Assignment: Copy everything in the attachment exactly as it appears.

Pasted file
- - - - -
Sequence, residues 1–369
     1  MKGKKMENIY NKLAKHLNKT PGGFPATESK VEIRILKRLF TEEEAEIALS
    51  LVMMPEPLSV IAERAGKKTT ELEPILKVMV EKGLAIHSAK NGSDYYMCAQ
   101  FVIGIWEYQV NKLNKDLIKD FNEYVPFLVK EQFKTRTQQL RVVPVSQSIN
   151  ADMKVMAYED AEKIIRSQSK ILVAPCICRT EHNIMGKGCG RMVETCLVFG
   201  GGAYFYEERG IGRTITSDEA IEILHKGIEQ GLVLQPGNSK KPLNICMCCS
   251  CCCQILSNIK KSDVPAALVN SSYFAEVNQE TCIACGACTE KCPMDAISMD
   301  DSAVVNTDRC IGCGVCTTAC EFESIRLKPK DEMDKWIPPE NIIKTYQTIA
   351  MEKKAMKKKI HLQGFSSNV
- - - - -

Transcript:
Sequence, residues 1–369
     1  MKGKKMENIY NKLAKHLNKT PGGFPATESK VEIRILKRLF TEEEAEIALS
    51  LVMMPEPLSV IAERAGKKTT ELEPILKVMV EKGLAIHSAK NGSDYYMCAQ
   101  FVIGIWEYQV NKLNKDLIKD FNEYVPFLVK EQFKTRTQQL RVVPVSQSIN
   151  ADMKVMAYED AEKIIRSQSK ILVAPCICRT EHNIMGKGCG RMVETCLVFG
   201  GGAYFYEERG IGRTITSDEA IEILHKGIEQ GLVLQPGNSK KPLNICMCCS
   251  CCCQILSNIK KSDVPAALVN SSYFAEVNQE TCIACGACTE KCPMDAISMD
   301  DSAVVNTDRC IGCGVCTTAC EFESIRLKPK DEMDKWIPPE NIIKTYQTIA
   351  MEKKAMKKKI HLQGFSSNV